<i><b>Wicked Alice Poetry Journal
wicked alice| spring 2008

Amy L Sargent


Office Hour I
I think about removing
my panties, thumbs crawl
under pleated wool skirt,
hook the soft, scalloped elastic
orbiting my softer hips.
I'd place them in a crumple
on my desk blotter,
wait for you to notice.
You'd follow my hands,
my thoughts—
you would already know,
Like you know the writing
on the milky inside of my arm
is a Whitman quote,
you'd know the dampness
of those panties
between us, know my size.
You would stand, and
you'd know of nautical stars
placed on the underside
of my pale thighs—
how they intend
(as if you were a ship)
to lead you home.

Pittsburgh Women Are Divisible by Three
Only in house coats
& housedresses, she ventures
out of her house.  She
knows one has pearled snaps,
one does not.  Both, however,
are transformed by the addition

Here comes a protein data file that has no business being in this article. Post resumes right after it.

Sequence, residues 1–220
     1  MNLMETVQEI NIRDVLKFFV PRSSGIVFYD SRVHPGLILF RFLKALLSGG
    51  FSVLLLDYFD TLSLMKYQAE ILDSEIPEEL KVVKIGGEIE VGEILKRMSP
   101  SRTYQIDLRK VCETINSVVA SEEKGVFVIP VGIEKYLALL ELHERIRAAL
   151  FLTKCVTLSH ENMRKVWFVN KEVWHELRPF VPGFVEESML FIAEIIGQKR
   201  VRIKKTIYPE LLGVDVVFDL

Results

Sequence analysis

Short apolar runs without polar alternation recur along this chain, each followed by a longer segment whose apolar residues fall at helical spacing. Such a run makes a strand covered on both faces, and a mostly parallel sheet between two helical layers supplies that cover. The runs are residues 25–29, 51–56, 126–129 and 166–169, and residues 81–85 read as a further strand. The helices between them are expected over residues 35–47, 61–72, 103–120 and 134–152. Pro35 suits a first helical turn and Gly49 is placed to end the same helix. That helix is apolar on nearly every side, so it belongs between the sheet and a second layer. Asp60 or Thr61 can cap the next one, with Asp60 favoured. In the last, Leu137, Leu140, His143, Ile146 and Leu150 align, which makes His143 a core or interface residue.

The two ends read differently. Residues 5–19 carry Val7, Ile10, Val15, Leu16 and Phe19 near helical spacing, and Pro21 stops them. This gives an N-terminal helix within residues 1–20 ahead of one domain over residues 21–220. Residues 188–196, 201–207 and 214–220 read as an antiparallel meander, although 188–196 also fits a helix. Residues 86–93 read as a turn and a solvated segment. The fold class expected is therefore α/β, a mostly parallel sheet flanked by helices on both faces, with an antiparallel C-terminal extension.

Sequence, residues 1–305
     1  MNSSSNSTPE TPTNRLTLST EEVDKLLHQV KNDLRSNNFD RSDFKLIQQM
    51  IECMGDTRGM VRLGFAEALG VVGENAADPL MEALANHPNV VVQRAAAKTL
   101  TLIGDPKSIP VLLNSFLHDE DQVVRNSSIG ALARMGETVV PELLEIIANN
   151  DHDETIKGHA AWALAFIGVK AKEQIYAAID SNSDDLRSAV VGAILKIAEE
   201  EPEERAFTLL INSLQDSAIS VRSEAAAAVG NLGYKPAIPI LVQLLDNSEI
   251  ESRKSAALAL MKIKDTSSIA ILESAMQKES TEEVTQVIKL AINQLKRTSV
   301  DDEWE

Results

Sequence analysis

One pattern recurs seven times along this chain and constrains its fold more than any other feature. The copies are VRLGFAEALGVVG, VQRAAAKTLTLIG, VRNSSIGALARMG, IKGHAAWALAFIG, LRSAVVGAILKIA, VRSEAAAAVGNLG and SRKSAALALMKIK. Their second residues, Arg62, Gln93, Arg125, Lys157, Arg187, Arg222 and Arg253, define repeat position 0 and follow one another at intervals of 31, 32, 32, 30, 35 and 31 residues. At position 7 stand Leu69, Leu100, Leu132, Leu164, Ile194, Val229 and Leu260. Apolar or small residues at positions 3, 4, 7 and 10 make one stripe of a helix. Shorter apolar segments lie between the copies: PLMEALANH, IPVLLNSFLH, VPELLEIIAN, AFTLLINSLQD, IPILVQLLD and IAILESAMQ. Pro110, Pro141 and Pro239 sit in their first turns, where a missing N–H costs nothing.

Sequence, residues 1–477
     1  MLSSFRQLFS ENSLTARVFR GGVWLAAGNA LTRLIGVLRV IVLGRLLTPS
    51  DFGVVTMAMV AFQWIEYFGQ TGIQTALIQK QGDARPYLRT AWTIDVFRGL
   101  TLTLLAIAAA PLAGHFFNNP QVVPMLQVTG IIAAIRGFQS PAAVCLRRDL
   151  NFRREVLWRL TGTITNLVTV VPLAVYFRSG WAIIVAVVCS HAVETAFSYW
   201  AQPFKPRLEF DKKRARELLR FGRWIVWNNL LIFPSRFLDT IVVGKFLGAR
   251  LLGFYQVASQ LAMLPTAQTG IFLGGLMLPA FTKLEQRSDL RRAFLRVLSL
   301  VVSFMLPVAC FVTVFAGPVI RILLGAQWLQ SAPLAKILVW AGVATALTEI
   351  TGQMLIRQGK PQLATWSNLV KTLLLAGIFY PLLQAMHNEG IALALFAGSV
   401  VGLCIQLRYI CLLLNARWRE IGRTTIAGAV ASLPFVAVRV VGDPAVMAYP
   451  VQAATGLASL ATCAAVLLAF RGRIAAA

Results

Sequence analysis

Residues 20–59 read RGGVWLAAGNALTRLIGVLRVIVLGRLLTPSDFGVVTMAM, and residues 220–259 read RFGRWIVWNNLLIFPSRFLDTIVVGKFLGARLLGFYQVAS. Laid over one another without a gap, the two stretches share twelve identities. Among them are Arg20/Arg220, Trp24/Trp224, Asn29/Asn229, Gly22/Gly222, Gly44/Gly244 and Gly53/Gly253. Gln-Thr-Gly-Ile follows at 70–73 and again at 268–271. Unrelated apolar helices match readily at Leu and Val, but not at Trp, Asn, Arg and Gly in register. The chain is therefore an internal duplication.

of a pilled cardigan sweater
& a pair of street shoes.
Suddenly, no one can tell
she's wearing nightgowns
to the bus stop or grocery store.
Women I arbitrarily like
and admire.
She wears a belly shirt,
believes it is meant to display
her soft, prominent abdomen.
Her children are sticky
mouths, loud faces, ponytails
that need tightening.

I'd picture me, next to a water pump,
rim clinks teeth as I drink well
water from a dented, tin cup,
tethered to a pail with frayed twine.
My skirt lifts like a sail, faded
calico pulls on legs—clothing as kite.
Feet bare, stained with cut grass
and fresh dirt, calloused to bees
and small rocks—the same rocks
worked to the surface of my tomato
bed every spring, no matter the number
picked free, afternoons on knees
removed the fall before.
This taste of new growth, of pine-needle
mulch and fresh seed, you wouldn't have
to ask if I could start like this, with a sip.

 Amy L Sargent's work  is forthcoming in the Dos Passos Review, and has been recently published in The Pinch and The Dalhousie Review, among others.